I am attempting a classification task whereby the features used to describe classes are not all being used. For instance, Class A does not use feature 2, class B does not use feature 4, and class C does not use feature 1 and 2:

f1 | f2 | f3 | f4 | class
10 | NA | 23 | 30 |   A
1  | 11 | 33 | NA |   B
11 | NA | 20 | 32 |   A
NA | NA | 55 | 50 |   C
6  | 9  | 18 | NA |   B
NA | NA | 49 | 45 |   C

One way i have gone about approaching this problem, is converting all NA's to 0's. However, i believe that this would be incorrect. For instance, both class A and Class C both do not utilize feature 2, and if we assign all values to 0 in that feature space, we will be incorrectly attempting to distinguish between class A and class C, when there is nothing to distinguish in the first place. Imputing values for those features is not an option here.(ie., The data isnt missing per se, its just not possible for class A to have feature 2)

If i go ahead and input the dataset as is, with the NA values still inside, i end up with the following error when using a Naive Bayes classifier from the naivebayes package in R:

Error in density.default(x, na.rm = TRUE, ...): need at least 2 points to select a bandwidth automatically

How should i go about dealing with this problem correctly?

  • $\begingroup$ What prompted collection of these data? What is your null hypothesis? Because you know some classes have unused categories, you know probabilities of categories can't be the same across classes. $\endgroup$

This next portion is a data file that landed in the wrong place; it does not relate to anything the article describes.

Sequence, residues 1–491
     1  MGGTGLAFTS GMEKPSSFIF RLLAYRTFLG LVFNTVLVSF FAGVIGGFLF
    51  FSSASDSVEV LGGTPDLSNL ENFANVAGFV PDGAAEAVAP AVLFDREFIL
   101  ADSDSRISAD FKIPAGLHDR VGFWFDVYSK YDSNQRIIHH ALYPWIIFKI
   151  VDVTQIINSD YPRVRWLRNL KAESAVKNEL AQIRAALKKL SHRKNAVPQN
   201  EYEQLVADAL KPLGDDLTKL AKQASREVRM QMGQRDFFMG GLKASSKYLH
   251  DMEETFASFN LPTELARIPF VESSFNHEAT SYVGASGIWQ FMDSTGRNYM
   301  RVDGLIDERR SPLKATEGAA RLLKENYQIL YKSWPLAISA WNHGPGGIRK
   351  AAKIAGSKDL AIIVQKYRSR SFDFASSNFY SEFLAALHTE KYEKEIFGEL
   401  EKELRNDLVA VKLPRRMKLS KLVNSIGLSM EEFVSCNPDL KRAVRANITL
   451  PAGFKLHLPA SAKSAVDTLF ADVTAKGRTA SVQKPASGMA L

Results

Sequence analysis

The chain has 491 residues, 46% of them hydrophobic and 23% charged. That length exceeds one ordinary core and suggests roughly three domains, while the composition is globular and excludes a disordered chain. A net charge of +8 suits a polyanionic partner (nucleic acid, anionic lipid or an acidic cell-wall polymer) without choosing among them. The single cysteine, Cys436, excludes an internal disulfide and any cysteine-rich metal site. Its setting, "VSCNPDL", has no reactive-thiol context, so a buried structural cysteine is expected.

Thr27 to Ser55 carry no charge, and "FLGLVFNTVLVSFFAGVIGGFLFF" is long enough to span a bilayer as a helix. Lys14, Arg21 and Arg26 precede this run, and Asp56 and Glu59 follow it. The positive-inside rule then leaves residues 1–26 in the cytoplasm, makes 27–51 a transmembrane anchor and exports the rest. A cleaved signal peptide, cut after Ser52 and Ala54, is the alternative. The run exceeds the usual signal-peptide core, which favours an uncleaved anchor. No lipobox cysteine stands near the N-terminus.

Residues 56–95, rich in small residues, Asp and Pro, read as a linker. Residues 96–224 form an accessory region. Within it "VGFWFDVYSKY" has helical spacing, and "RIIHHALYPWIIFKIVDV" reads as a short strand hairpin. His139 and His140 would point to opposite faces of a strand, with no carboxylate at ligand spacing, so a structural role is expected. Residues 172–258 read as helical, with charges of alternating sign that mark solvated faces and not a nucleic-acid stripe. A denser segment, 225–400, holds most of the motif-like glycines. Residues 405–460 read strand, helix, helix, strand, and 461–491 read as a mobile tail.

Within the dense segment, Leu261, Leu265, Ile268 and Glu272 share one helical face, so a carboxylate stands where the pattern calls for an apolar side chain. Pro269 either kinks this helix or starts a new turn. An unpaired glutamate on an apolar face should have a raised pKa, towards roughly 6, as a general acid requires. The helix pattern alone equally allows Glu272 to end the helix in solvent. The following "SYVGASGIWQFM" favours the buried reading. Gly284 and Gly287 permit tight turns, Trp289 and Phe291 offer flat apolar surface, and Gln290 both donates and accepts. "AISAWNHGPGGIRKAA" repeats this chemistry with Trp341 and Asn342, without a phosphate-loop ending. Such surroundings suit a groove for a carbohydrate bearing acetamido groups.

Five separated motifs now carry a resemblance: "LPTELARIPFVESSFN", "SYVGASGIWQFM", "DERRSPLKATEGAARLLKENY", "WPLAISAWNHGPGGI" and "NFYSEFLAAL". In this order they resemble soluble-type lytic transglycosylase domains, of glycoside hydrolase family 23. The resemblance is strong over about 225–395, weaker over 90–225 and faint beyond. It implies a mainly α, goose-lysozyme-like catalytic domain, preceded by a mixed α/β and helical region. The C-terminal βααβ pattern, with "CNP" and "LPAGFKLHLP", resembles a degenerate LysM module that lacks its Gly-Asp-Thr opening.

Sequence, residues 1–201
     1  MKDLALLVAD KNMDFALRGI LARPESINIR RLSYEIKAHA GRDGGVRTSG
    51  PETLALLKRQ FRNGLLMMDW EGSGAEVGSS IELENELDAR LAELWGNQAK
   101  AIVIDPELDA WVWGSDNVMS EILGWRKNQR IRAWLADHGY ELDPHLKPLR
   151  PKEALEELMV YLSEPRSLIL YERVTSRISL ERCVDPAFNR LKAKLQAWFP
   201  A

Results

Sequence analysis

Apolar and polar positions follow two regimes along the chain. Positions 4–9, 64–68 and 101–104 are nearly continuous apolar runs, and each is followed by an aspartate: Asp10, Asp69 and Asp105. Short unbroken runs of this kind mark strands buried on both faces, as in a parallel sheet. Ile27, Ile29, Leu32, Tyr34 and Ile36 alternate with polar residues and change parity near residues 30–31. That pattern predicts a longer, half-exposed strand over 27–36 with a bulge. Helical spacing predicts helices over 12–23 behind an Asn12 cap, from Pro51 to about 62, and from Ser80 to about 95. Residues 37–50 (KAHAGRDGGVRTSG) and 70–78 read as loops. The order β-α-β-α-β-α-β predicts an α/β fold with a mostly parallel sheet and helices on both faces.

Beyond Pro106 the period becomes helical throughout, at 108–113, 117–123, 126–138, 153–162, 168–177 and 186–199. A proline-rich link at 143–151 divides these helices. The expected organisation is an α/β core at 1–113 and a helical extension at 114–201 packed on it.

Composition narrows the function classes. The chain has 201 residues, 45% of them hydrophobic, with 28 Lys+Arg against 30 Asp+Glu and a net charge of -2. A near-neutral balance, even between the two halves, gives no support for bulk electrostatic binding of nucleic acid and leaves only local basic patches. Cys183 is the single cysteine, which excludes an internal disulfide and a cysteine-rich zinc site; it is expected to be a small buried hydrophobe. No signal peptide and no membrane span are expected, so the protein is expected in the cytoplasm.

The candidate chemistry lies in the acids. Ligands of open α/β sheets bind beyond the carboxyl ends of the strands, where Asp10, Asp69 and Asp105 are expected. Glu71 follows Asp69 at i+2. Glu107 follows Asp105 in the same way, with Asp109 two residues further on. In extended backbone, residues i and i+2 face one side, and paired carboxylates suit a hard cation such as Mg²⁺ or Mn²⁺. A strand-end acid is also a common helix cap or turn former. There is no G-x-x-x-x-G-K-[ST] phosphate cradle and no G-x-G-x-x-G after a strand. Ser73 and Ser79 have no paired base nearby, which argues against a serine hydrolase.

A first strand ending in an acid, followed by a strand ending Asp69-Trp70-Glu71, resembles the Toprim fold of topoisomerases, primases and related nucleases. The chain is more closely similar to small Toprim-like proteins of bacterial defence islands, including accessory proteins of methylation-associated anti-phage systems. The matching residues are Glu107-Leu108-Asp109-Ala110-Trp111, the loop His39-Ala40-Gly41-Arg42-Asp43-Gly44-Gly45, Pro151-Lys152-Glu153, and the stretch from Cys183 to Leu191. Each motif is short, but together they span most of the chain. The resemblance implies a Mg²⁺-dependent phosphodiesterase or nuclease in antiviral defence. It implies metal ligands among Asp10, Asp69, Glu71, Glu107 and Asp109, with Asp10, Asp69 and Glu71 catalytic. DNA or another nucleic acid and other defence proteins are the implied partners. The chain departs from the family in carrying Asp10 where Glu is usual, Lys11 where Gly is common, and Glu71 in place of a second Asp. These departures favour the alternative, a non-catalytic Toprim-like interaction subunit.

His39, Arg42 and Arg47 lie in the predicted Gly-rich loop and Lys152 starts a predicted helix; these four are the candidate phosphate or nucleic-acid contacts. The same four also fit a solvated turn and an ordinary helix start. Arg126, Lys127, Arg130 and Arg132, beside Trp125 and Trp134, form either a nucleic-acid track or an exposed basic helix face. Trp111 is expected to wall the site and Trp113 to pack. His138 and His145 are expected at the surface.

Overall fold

– BruceET
    Commented Jan 14, 2019 at 8:33
  • $\begingroup$ What are you trying to achieve? If you want to classify, then the NAs are very useful: If feature 2 is NA, then the class is either A or C, but definitely not B. If you don't have too many combinations, you can cut your dataset into chunks: collect everything where feature 2 is NA and classify this into A or C using the remaining (non-NA) features. $\endgroup$ Commented Jan 14, 2019 at 8:56
  • $\begingroup$ Hi, just to clarify that the example of class A,B and C is a hypothetical one. Unfortunately, I will eventually be dealing with possibly several hundreds of classes for a product i am developing, so yes there will be many combinations @StephanKolassa . As such, while developing my algorithm, I am working on smaller representative datasets such as the example given above. $\endgroup$ Commented Jan 14, 2019 at 9:08
  • $\begingroup$ OK. It mainly sounds like you have a classification task with "much" missing data, is that correct? Do previous questions with these tags help? Specifically Binary classification when many binary features are missing? $\endgroup$ Commented Jan 14, 2019 at 9:13
  • $\begingroup$ Yes, you are absolutely correct @BruceET. Would you be able to refer me to some literature or an algorithm that deals with classification with uneven class probabilities/ unused categories? $\endgroup$ Commented Jan 14, 2019 at 9:13


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